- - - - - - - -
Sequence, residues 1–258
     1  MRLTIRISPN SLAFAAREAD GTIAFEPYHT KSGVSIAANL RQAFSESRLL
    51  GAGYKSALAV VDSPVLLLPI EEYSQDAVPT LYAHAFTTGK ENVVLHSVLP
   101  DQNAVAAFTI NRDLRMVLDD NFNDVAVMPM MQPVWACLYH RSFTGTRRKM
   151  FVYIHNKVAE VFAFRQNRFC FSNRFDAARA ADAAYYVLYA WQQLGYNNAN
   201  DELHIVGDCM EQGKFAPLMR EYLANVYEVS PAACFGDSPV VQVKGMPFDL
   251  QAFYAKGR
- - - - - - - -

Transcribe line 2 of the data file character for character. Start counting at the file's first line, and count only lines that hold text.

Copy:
     1  MRLTIRISPN SLAFAAREAD GTIAFEPYHT KSGVSIAANL RQAFSESRLL